Originally Posted by Cirquerider
All the above of course are bound by whatever employer policy might prevail surrounding drug use and it's related liability to the employer. I'm not aware of any tolerance for Rx use of any kind that impairs judgement or ability to perform the work safely.
It's going to be interesting to see how all this falls out in the workplace -- I'm afraid it's going to be a mess for a while. From what I've seen, if you are on a Federal site, or a project funded with Fed $$, there's an "alcohol and drug-free policy" in place and enforced. (This includes a significant percentage of the work force out there.) Everything I've read so far suggests that state law in WA or CO won't/can't change that, even if those Fed sites or projects are in those states. I know that public universities in Washington have to continue prohibiting the use of marijuana on campus because of federal funding (whether they choose to enforce closely or not is a different issue), but probably a bigger issue is Fed construction projects. Contractors and subs that work on highway projects, infrasructure upgrades, heavy civil installations, superfund remediations, etc., all tend to have strict alcohol and drug policies in order to continue to work those types of projects. Any employer doing Fed work usually establishes their employment requirements to meet these standards across the board, making no distinction whether each employee is on a Fed funded site or not. I'm not sure if the Feds are driving this, or the insurance companies, but drug testing is generally mandatory at the time of hire, random during the year, and required whenever any incident occurs when damage exceeding a nominal $$ figure happens (I know in some cases this $$ figure is low enough that broken windshields, damaged bumpers, broken light assemblies, etc on a piece of heavy equipment will trigger a drug test.) A positive hit for alcohol or drugs (including marijuana, even if it was obtained and used legally in WA) results in a termination. Where the medical marijuana card plays in this, I don't know. My guess is that it may save the job, but would probably also prohibit the use of any heavy equipment or motorized vehicles of that person, forcing someone that may be a skilled operator to work as a laborer.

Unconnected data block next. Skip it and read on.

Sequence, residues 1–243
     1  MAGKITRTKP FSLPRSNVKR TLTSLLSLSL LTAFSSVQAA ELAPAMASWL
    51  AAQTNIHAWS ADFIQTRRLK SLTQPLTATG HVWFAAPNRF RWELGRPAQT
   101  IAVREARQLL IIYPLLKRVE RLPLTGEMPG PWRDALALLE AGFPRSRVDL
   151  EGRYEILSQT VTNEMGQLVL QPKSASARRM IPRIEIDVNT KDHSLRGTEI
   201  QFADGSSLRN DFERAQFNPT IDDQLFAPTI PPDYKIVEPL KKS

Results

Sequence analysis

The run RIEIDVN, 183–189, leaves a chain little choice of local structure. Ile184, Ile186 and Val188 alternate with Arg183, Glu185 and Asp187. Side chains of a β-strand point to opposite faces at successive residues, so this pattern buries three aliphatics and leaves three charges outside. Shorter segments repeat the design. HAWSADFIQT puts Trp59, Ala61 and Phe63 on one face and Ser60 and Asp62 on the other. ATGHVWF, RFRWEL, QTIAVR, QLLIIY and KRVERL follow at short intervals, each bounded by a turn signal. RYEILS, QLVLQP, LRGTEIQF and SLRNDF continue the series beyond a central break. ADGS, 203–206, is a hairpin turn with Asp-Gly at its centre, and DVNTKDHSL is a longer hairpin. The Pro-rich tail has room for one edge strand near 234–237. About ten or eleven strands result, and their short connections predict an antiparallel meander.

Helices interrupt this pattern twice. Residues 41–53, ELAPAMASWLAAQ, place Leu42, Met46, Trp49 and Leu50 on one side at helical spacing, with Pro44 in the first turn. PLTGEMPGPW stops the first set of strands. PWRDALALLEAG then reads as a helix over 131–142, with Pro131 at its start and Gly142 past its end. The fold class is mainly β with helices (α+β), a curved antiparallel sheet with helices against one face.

There's a lot of people in industry trying to get their arms around this right now. Many, if not most, are NOT anti-marijuana, but acknowledge the enforcement problems that are going to arise beause of testing techniques and how long marijuana stays in the system. It's going to get very interesting very soon.